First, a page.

Grenada Citizenship Development Limited (GCDL), the developer of Levera Nature & Beach Resort, have filed a claim of loss and damages amounting to some US$19.6 million against Levera Resort Development Ltd (LRDL).
Note: IMI has not been able to reach any representatives from LRDL today and, therefore, can only present the plaintiff’s account of the dispute which, no doubt, will differ from that of the defendants.
In a statement, GCDL accuses LRDL of selling land on false premises and of “running a confidence game from the very beginning”.
The lawsuit arises from a dispute between the developer of a partly constructed CBI-resort project – Levera – and the owner of the land on which the resort is being built. According to the plaintiff, the two parties agreed in 2016 that LRDL would sell 256 acres of land to GCDL for the purpose of building the Levera resort. The parties also agreed that the vendor (LRDL) would lend the buyer (GCDL) US$31.5 million, secured with a mortgage on the 256 acres and that the conveyance of the land would proceed upon the latter’s payment of US$3.5 million.
Central to this agreement, say the plaintiffs, was the clause granting GCDL the use of the project’s CIP-approved status, which LRDL had obtained in 2015. GCDL’s ability to market and sell its development would, naturally, be contingent upon unit buyers having the possibility of obtaining Grenadian citizenship.
Want to know more about the Grenada CIP? To see recent articles, statistics, official links, and more, visit the Grenada CIP Program Page.
GCDL concedes that, according to the agreement, the payment of US$3.5 million should have taken place before May 18th, 2016 but that “despite best efforts by GCDL this payment was not made in full to LRDL until August 31, 2018.” But despite this failure to pay on time, say the developers, the landowners encouraged GCDL to continue site improvements and construction, to hold a formal ground-breaking ceremony attended by the country’s prime minister, and to submit CIP applications under the auspices of the planned resort.
In January 2018, the developer maintains, the landowner agreed to receive “progress payments” of US$100,000 per month from GCDL. Although LRDL had received more than US$3.5 million by August 2018, the landowner refused to convey any part of the 256 acres to the developer and, according to the plaintiff, has still not conveyed any part of the property.
In October 2018, Grenada Citizenship by Investment Committee, under the guidance of CEO Thomas Anthony, opened a review into the Levera project. Seven months later, Levera’s developers received a shocking message from officials:
LRDL’s extension of their CIP-approval to GCDL was not valid.
Hundreds of companies can assist with applications to the Grenada CIP. To see which ones, visit the Residence and Citizenship by Investment Company Directory.
In other words, LRDL had taken part payment for a property sold to GCDL on the (later proven false) assumption that it came with a CIP-license attached to it.
The unfinished Levera project had raised CBI-funds amounting to more than US$11 million, on the basis of which 35 individuals had received citizenships in the country. All the while, the project was not technically approved for the CIP.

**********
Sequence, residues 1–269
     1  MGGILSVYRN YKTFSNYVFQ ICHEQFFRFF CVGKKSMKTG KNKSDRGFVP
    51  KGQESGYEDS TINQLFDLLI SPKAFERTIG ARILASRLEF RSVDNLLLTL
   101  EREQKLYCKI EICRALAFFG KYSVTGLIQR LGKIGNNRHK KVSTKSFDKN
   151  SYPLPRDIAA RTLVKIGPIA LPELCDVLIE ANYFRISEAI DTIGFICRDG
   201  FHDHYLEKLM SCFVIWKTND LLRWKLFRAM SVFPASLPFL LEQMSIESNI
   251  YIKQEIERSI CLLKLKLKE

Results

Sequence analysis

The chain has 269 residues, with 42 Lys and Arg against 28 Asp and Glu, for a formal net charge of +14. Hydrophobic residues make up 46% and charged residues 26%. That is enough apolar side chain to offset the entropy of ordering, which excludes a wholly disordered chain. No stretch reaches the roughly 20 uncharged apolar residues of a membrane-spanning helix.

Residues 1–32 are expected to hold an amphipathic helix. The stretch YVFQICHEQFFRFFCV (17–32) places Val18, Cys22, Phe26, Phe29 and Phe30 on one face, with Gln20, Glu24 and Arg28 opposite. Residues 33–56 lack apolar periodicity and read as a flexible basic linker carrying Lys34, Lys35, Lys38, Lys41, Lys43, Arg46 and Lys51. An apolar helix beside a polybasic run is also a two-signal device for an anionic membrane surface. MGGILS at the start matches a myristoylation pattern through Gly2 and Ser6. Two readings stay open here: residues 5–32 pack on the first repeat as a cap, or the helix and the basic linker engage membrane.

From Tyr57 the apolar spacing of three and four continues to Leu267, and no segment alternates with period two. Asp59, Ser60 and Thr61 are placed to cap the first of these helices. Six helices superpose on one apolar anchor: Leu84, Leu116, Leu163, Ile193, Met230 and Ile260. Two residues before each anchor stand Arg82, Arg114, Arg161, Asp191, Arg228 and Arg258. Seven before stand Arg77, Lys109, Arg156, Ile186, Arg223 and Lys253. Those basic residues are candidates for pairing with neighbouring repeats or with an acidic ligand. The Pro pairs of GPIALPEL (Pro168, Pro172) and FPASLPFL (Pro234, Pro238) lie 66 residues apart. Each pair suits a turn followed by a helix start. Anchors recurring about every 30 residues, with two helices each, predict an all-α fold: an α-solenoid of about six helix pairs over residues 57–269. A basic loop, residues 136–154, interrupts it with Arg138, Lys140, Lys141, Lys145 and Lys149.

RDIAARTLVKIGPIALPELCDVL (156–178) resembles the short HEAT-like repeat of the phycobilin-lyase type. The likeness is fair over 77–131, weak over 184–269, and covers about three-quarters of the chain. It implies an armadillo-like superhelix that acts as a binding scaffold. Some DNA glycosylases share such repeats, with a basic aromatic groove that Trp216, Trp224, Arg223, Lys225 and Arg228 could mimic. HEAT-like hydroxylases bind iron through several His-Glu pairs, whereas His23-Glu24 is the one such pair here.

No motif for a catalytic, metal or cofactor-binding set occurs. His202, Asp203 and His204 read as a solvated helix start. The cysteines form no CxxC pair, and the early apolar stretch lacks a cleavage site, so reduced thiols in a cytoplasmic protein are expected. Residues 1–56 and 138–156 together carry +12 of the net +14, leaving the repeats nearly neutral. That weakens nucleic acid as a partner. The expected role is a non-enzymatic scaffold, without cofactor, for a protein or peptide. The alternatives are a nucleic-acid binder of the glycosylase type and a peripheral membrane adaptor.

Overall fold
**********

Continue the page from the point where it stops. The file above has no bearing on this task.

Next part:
But complications did not end at that.
On June 21st, say GCDL, the landowner repudiated the Sales and Purchase Agreement and demanded that GCDL “remove itself from the Project lands under threat of trespass, lands which GCDL had been developing and improving for approximately 3 years and putting an end to the livelihood of 26 families in St. Patrick’s who had been employed.”
GCDL say they attempted, in good faith, to bring together LRDL and government authorities in an attempt to resolve a dispute that would harm both the economy and the reputation of Grenada. These calls, the plaintiffs maintain, went unanswered, and matters did not progress until August 6th when they discovered the Levera project had been officially relaunched – at a conference in China attended by senior Grenada Government officials, and under a new developer that had bought the very same plot of land.
“[…] on August 2, 2019 LRDL did, in fact, sell the Project lands to Singapore Heng Sheng (Grenada) Development PTE LTD that was incorporated on May 8, 2019 (6 days before GCDL received the letter from the CBI Office on May 8, 2019 suspending receipt of CBI applications indicating the inability to use LRDL’s CBI approved project status),” reads the statement.
Heng Sheng had paid LRDL US$35 million for the 256 acres of land which, this time, had been conveyed to the buyer in full.
On August 20th, GCDL sued LRDL for damages and losses of US$19.6 million. The plaintiff accuses LRDL of fraudulent misrepresentation, breach of warranty, and wrongful repudiation. One day later, Justice Raulston Glasgow “ordered that a Freezing Injunction be made against LRDL restraining it from removing from the jurisdiction of the court the sum of US$19,510,831.00 including the sum of US$35,000,000 being the proceeds of sale from the property by LRDL to Singapore Heng Sheng (Grenada) Development PTE. LTD.”
Christian Henrik Nesheim is the founder and editor of Investment Migration Insider, the #1 magazine – online or offline – for residency and citizenship by investment. He is an internationally recognized expert, speaker, documentary producer, and writer on the subject of investment migration, whose work is cited in the Economist, Bloomberg, Fortune, Forbes, Newsweek, and Business Insider. Norwegian by birth, Christian has spent the last 14 years in the United States, China, and Spain.